For lovers of the "West Wing", there can be no better drama than events unfolding in The White House. CJ in the press room has been replaced by Sean Spicer, the gum loving press secretary. Did you know, he chews and swallows 35 pieces of gum a day! This is as nothing to the b.s the press is forced to swallow during press briefings.
Sean Spicer denied the President had watched "Finding Dory" whilst ignoring the turmoil of the hastily drafted ban on muslims coming into the U.S. "Not a ban" said Spicer "it's extreme vetting". Reminiscent of the railing against the press during the Vietnam war ... "You keep talking about bombing, bombing, bombing" bemoaned the generals ... "It's not bombing it's air support". Big difference.
All in the perception, the President had the largest crowd in the whole wide world, watching the inauguration ceremony last month. A fact explained to Malcolm Turnbull, the Prime Minister of Australia before a cranky president broke off the call. "It had been a long day" according to a White House statement by way of explanation. Up early, the day for the President begins with "Fox and Friends". Policy inspiration and security updates in modern media format. Who needs the CIA and FBI.
The President is running out of allies. Attacks on Mexico, Canada, Australia and Europe in just two weeks. If you have a trade surplus with the U.S.A., your must be a currency manipulator. It is the only possible explanation. The list includes, China, Japan, South Korea and the E.U especially the Germans. You are all on notice, along with Iran and Ireland ... "The world is a mess" explained the President this week. "But don't worry, I can fix it". Yep, "nothing to fear but fear itself" as FDR explained. "Lots of it and with good reason" DJT expands. West Wing Whisky Tango Foxtrot signing off for this week ...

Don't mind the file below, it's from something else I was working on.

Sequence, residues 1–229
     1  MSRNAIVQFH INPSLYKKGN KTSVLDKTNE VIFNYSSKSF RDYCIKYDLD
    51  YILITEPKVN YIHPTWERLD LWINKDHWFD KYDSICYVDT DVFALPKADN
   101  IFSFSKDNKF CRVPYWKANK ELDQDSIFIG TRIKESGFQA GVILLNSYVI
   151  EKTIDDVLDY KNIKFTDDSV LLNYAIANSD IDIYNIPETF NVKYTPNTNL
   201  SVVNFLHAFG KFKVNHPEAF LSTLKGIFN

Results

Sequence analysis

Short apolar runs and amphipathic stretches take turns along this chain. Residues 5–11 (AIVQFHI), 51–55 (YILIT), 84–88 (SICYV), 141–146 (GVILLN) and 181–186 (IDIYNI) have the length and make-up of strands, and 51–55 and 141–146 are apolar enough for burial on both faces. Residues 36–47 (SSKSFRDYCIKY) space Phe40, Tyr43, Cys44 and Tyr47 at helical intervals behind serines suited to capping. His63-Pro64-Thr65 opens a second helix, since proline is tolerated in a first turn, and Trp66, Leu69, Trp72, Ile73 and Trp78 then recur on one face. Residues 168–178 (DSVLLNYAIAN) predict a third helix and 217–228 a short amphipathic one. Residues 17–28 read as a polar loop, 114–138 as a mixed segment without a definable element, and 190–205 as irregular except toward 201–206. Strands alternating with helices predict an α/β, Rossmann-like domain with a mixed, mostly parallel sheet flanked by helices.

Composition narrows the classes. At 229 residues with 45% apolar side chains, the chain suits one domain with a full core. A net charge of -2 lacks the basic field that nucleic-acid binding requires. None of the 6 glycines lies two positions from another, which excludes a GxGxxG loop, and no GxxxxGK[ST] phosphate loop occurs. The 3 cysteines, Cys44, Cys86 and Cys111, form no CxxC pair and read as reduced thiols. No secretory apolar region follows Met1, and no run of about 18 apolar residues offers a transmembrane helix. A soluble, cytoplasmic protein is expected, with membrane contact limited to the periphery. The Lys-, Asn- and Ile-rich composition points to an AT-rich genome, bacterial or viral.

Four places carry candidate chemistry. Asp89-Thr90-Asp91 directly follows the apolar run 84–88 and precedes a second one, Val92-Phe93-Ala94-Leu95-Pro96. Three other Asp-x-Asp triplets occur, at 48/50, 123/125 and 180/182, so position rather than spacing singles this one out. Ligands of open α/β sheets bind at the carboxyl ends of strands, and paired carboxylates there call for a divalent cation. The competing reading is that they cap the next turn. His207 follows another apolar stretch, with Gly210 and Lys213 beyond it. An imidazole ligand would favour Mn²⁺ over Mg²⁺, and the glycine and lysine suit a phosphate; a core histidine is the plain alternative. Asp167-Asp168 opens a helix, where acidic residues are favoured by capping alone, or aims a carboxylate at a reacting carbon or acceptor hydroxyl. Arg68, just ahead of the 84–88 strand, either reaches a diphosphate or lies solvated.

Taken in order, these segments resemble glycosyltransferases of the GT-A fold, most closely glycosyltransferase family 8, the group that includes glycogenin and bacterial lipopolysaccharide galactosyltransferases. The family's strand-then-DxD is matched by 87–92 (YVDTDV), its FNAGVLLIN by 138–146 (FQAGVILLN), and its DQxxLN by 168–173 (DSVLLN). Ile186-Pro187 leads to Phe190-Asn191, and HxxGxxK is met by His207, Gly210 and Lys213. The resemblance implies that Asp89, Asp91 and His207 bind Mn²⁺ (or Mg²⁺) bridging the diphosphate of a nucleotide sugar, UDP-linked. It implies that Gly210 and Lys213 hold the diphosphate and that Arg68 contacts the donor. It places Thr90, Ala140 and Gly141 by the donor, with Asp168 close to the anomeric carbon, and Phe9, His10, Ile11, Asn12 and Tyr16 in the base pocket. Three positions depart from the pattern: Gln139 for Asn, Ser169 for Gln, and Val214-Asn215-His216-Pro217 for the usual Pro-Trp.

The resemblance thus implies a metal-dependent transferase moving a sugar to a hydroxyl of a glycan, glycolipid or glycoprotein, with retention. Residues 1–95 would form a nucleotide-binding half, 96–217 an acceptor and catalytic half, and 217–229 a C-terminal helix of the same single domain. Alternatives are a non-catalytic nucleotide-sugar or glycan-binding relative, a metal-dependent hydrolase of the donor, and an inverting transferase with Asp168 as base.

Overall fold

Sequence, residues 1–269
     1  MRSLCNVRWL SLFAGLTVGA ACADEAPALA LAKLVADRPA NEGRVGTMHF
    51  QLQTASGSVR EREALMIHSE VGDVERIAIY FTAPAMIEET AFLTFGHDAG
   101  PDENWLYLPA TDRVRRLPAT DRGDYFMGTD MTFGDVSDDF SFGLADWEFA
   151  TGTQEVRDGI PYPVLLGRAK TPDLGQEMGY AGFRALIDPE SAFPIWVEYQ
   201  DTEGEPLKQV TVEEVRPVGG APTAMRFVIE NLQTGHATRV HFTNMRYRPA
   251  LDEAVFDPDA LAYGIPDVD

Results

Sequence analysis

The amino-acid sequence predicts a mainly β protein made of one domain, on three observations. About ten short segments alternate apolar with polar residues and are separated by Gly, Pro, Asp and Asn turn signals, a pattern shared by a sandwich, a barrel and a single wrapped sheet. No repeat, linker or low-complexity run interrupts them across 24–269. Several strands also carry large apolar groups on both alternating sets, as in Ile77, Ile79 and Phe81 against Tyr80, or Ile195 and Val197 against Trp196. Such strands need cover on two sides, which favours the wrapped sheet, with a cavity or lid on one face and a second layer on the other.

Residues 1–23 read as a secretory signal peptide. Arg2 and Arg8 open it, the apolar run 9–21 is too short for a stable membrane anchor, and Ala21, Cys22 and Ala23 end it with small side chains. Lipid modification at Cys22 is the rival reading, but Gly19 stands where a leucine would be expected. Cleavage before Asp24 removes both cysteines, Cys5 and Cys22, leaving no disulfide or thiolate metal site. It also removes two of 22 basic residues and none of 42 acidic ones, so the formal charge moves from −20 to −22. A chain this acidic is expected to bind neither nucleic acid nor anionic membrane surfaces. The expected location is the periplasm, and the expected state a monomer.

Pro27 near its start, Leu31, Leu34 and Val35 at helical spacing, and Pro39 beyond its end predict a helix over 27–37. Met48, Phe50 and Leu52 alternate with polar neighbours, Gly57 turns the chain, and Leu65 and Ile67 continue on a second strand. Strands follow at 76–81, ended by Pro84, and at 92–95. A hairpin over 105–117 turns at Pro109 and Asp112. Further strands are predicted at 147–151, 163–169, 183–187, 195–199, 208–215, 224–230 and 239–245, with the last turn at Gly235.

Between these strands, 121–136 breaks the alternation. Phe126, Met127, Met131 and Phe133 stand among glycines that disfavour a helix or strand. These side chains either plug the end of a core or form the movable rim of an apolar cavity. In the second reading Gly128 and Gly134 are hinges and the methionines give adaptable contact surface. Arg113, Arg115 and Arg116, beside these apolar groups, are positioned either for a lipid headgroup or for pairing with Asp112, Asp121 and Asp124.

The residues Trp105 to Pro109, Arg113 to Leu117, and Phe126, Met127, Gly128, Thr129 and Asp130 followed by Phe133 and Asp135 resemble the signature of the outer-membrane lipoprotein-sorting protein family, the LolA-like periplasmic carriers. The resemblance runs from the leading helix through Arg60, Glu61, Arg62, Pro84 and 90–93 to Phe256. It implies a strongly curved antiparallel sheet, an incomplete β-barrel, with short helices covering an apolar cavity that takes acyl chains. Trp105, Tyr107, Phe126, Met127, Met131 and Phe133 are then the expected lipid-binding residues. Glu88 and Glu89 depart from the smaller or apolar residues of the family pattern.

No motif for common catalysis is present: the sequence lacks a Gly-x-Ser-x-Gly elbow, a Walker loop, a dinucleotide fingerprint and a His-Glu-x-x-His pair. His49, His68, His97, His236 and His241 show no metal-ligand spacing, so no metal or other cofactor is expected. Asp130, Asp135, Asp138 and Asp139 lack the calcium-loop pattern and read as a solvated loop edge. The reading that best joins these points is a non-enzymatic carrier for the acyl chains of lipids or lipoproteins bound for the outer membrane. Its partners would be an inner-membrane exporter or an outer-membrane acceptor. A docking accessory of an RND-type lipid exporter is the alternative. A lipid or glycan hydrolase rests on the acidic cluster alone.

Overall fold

So what happened to Markets?
Markets, were steady the Dow closed at 20,057 from 20,090. The FTSE closed at 7,188 from 7,184.
Sterling was steady against the Dollar at $1.252 from $1.253 and down against the Euro to €1.161 from €1.171. The Euro moved up against the Dollar at 1.078 from 1.069.
Oil Price Brent Crude closed at $56.78 from $55.07 The average price in January last year was $32.18.
UK Gilts - yields moved down. UK Ten year gilt yields closed at 1.36 from 1.483. US Treasury yields fell to 2.44 from 2.50. Gold closed at $1,218 from $1,189.
That's all for this week. Don't miss the pro-manchester Business Conference in March. We focus on Digital Disruption and the Smart City Challenge. Our next economics presentation is next week - the 8th February in Manchester.
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The material is based upon information which we consider to be reliable but we do not represent that it is accurate or complete and it should not be relied upon as such. We accept no liability for errors, or omissions of opinion or fact. In particular, no reliance should be placed on the comments on trends in financial markets. The presentation should not be construed as the giving of investment advice.